While negative reviews or making a mistake can often seem like the most important things in the world, it’s also important to keep some perspective. Kate pointed out that many of her friends are nurses—they’re literally saving lives. So, while it’s important to take steps to course correct after a mistake or a bad review, it’s also important to remember that if we make a mistake in the publishing industry, nobody dies! “Even though we love them,” she said, “they’re just books.”

Many attendees also wanted to hear advice on how to share their opinions on representation issues in books at their publishing houses, especially as people of color in the industry. Sydney stressed that it’s important to remind yourself that your identity and experiences are valuable, especially in rooms where there might be a lot of group thinking happening, like an imprint’s acquisitions meeting. When she first entered publishing, it was hard to feel confident, she said, because there weren’t people who looked like her in many of her meetings. But once she realized that wasn’t a negative, but rather an asset, she felt much more confident in advocating and speaking up for books. Of course, she emphasized, if someone says something really bad, it’s okay to put themselves in their place in a professional way! Even though that can be a terrifying thing to do, she said that once she voices her opinion, usually someone else will speak up and say that they agree. In short, remembering that you are an asset to your company and your department is important, and will help you gain confidence in your position.

What do you do when you finally get that coveted first publishing job, only to realize it might not be the right job for you? Especially with so many attendees in the crowd having just entered the industry, there was a lot of anxiety about how to move up in the industry and further your own career without undoing all of your hard work. And the entire panel agreed on the most important part of selling yourself to a new job in publishing, especially one in a different department: “Transferable skills!” Abby elaborated on this, saying that it’s important to find out how your skills correlate to that new job description, and to find out what you, specifically, can bring to the table, even if you might never have worked in that department before. Dawn called publishing a “playground”—when she worked in marketing, she constantly wondered what the Managing Editors were up to. So she invited them out for coffee to talk to them and learn about their jobs! Maybe you worked in publicity but want to transition to editorial—you can use your experience interacting and liaising with agents to your advantage. Maybe you worked in editorial but want to move into marketing—well, even as an Assistant you’re often reviewing marketing plans for agents and authors! Transferable skills are everywhere you look, as long as you know how to exploit them and learn to nurture them.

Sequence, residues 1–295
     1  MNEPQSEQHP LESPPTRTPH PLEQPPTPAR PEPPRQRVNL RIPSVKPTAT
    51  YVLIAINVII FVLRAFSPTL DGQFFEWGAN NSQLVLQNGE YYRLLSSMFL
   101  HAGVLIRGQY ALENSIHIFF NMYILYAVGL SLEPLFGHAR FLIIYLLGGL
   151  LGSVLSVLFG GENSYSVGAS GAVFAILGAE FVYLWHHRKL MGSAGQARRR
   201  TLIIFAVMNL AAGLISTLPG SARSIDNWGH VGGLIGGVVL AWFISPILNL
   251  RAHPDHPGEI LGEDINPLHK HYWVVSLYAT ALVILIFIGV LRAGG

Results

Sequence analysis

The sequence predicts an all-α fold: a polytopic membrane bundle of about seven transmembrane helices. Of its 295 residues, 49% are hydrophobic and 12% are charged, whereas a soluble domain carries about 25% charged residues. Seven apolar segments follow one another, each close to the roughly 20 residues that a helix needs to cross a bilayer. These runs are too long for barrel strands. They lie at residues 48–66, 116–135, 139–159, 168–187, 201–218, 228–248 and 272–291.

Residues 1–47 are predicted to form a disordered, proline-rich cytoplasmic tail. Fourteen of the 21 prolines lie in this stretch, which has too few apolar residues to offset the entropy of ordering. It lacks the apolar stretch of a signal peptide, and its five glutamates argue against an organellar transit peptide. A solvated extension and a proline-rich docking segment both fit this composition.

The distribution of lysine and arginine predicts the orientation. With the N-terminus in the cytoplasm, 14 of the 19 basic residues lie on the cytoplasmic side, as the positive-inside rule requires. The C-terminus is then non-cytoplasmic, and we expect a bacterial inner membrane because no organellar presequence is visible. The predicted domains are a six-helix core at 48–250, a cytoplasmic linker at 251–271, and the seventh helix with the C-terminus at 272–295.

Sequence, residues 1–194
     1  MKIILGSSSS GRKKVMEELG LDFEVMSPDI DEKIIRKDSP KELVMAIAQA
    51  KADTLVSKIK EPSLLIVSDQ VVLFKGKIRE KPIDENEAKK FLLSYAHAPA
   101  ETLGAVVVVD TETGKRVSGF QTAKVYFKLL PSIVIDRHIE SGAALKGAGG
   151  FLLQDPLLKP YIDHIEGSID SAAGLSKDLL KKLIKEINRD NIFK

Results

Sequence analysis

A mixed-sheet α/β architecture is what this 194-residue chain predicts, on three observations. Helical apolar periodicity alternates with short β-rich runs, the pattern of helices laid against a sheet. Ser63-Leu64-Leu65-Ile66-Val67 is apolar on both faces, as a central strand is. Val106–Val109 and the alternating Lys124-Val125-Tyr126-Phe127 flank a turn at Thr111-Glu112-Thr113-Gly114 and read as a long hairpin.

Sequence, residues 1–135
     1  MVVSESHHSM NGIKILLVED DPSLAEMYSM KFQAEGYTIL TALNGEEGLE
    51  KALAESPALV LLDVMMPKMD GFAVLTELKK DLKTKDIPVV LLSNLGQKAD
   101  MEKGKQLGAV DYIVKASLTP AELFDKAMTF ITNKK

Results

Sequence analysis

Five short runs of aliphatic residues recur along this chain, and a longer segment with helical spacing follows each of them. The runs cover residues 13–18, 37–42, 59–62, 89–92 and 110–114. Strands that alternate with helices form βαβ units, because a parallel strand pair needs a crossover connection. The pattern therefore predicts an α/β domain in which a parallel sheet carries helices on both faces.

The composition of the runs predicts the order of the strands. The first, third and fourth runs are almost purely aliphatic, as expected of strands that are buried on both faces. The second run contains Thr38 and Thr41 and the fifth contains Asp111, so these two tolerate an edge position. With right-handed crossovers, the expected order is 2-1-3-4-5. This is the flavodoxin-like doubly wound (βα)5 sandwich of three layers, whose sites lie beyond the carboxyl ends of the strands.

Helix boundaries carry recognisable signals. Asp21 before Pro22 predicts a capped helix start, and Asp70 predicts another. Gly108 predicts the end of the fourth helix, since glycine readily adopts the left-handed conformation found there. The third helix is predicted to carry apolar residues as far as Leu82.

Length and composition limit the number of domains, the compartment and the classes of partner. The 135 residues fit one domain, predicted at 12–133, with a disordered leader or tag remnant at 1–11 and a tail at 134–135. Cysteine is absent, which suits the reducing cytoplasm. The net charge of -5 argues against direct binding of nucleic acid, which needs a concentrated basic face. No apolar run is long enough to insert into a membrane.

While it’s difficult and scary to have to look for a whole new job, and the prospect of learning about a whole new aspect of the industry can be daunting, it’s important to make sure your skill set matches your passions—the only way to do great work is to be passionate about what you do, after all! However, it is worth noting that you may have to make some sacrifices to switch over to a job that’s a better fit. Kate pointed out that she started out in adult publicity, even though her heart was in children’s editorial. While it was a good thing that she eventually made the switch to children’s, she did have to go back to a starting salary to do it, which felt different at age 27 than it did at age 23! And however you choose to find your next job in publishing—whether it’s a lateral move or switching departments—every panelist impressed upon the audience the importance of not burning bridges on your way out. Sydney and Abby both pointed out that while most people understand that moving jobs is not personal, it’s still important to let people know that you’re still cheering them on and supporting their authors.

Responses to the panel were enthusiastic—an audience Q&A went on for nearly half an hour, and attendees lingered and chatted with one another long after the panel ended (proving how useful these events can be for networking!). Many attendees clamored to introduce themselves to the panelists and ask follow-up questions. Many seemed reinvigorated about their job searches, and on how to talk to their bosses about moving up in their positions. So, whether you’re looking for your first job in publishing or are already applying to your third position, it’s important to remember that everyone in this business has been where you are (and often made the same mistakes and asked the same questions!).

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Written by Hannah Milton, ECC Board Member